Google and Facebook Begin to Pay for News: Will This Trend Hold?

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Disputes between content and ad-serving platforms — such as Google and Facebook — and various news publishers have been roiling at least since the launch of Google News (Sept 2002) and continue to the present. In view of these issues, as well as potential opportunities, back in August (2020) Google put forward an offer of US$1B across ten years towards paying news publishers for its use of their content. This offer came with strings, however: “Google plans to pay publishers to create and curate content for a new mobile product called Google News Showcase, which will initially go live in Brazil and Germany before it is launched in other countries.” In other words, the offer is to get on board with their new service, and to accept the payments for that.

However, other tidbits picked up in the newstreams indicate that deeper issues persist in this context: In the EU, the Paris Court of Appeal recently confirmed a legal requirement, created under the EU’s recent Directive on Copyright in the Digital Single Market (DSM), for Google to pay French news publishers, and this requirement includes no reference to Google’s “News Showcase.” And, potentially of even greater impact in the long run, “the Australian precedent” — a proposed remuneration arrangement similar to that of the French law — may be catching on in other countries, including Canada.

Facebook, meanwhile, has been verging on the same conclusion, according to reporting in The Verge (I’m a little sorry for that, but not a lot): “Facebook’s News tab officially launched in the US earlier this year. The company says that 95 percent of the traffic publishers have gained through the service has been from new audiences. In August, the company said it was considering expanding the service to more countries including the UK, Germany, France, India, and Brazil in the next ‘six months to a year.’ In its announcement today Facebook says it is in active negotiations to launch the service in France and Germany…”

And, Apple may be next (at least in France).

Once upon a graduate school program, I had a prof who would look up from any research proposal I put in front of him and ask, over the bifocals: So what?, his point being, this may be interesting to you, and has a valid study design, but (in effect) “Why should anyone care about what you are pointing out here?” The so-what on the decline of the ‘printed’ news business is a problem several decades long already: For many, many local newspapers and similar organizations, the bottom fell out of their classifieds and ad revenues long ago, starting with the advent of Craigslist (incorporated 1999). Except for a few of the big, well-known papers, the sector has been in chronic revenue distress for many years, with no real (happy) ending in sight.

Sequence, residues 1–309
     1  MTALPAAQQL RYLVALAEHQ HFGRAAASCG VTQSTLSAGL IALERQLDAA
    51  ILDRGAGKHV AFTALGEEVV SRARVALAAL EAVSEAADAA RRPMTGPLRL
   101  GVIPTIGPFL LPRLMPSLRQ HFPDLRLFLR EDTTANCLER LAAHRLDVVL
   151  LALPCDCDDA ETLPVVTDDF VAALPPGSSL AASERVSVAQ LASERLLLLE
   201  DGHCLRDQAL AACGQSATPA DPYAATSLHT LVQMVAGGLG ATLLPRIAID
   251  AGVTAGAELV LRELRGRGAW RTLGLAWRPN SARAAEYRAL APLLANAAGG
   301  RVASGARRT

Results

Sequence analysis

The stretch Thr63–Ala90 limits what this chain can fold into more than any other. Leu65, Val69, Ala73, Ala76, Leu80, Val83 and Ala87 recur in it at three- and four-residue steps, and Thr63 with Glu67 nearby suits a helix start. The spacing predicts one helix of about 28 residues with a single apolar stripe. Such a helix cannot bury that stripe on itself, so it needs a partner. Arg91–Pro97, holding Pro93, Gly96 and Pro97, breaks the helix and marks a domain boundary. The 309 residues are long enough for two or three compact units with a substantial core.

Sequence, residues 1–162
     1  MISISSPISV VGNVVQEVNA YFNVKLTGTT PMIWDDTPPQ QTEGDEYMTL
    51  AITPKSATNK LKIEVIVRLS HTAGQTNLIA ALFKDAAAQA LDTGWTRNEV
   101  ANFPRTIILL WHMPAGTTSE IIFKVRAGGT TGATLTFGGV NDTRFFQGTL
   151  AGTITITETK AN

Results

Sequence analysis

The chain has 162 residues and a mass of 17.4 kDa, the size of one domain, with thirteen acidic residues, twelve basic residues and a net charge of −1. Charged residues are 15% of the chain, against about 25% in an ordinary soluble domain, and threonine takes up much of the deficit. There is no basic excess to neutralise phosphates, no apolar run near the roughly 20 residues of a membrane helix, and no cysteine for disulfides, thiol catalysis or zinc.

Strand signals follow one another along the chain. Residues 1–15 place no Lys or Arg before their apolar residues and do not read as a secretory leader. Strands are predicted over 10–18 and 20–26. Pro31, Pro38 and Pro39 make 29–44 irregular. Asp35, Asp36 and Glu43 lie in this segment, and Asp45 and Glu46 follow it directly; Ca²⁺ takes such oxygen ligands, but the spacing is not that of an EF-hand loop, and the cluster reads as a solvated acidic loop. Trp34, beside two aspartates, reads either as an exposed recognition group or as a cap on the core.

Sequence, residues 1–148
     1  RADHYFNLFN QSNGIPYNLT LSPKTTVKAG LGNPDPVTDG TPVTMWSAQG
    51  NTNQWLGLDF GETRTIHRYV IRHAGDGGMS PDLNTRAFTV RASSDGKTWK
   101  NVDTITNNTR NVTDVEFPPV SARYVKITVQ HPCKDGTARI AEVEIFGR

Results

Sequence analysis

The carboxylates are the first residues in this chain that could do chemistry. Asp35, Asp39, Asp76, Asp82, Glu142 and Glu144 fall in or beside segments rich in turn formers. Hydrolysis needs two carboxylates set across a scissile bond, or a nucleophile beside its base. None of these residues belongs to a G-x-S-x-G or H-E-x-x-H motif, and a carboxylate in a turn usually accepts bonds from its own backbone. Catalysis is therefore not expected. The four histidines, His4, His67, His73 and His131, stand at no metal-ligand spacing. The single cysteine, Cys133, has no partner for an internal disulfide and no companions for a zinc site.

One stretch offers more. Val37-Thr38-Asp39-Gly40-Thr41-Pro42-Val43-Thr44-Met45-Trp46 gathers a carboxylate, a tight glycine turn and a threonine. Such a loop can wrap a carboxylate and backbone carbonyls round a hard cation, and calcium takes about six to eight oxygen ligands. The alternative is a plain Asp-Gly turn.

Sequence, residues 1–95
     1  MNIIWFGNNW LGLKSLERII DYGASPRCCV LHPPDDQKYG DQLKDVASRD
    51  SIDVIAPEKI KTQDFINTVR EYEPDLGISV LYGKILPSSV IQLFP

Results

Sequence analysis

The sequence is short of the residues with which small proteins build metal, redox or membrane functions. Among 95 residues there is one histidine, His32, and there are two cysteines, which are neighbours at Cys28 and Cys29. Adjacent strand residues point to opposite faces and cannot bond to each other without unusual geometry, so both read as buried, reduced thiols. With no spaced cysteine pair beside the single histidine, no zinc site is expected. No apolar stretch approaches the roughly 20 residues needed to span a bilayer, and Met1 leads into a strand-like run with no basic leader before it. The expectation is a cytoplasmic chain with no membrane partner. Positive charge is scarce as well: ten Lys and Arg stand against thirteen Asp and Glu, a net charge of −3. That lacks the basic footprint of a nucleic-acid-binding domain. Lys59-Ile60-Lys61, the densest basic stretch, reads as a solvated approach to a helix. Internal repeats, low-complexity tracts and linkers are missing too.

My own perspective: I’m a reader, and a student of history, and I see significant social value in well-sourced and reported news. These benefits come about, in large part, by wearing out show leather, and the exercise of effective editorial oversight.  For one thing, if we can’t count on high standards of accuracy, then the whole edifice becomes unreliable and therefore useless except as entertainment. But upholding accuracy – and the other important attributes of quality journalism, such as accountability and impartiality – costs money to maintain. Basically (since economics are real, even in ‘the digital economy ’), reporters need to be paid and otherwise supported, and publishers have businesses to run. Wishing this away with concepts like crowdsourcing the news, or staving off the issue with inordinately rich patrons, only masks the problem.

Part of this money problem is addressed by paid subscriptions, as has been true for hundreds of years. But subscriptions are just on the consumer side of the revenue scale. Google and Facebook and other platforms which aggregate the news, rendering it more discoverable by more readers, may also have an economic role to play in supporting – I mean, paying hard cash for — the news, which they are starting to recognize. That, at least, is the thesis which is currently being tested.

Late-breaking addendum: Google has just released some new details about News Showcase, including the ability for readers to access some articles behind (what would otherwise be) subscription paywalls. That certainly sounds like a consumer benefit.

Dave Davis

Author: Dave Davis

Dave Davis joined CCC in 1994 and currently serves as research analyst. He previously held directorships in both public libraries and corporate libraries and earned joint master’s degrees in Library and Information Sciences and Medieval European History from Catholic University of America. Dave is fascinated by copyright issues, content licensing and data. Also, rock and roll music.

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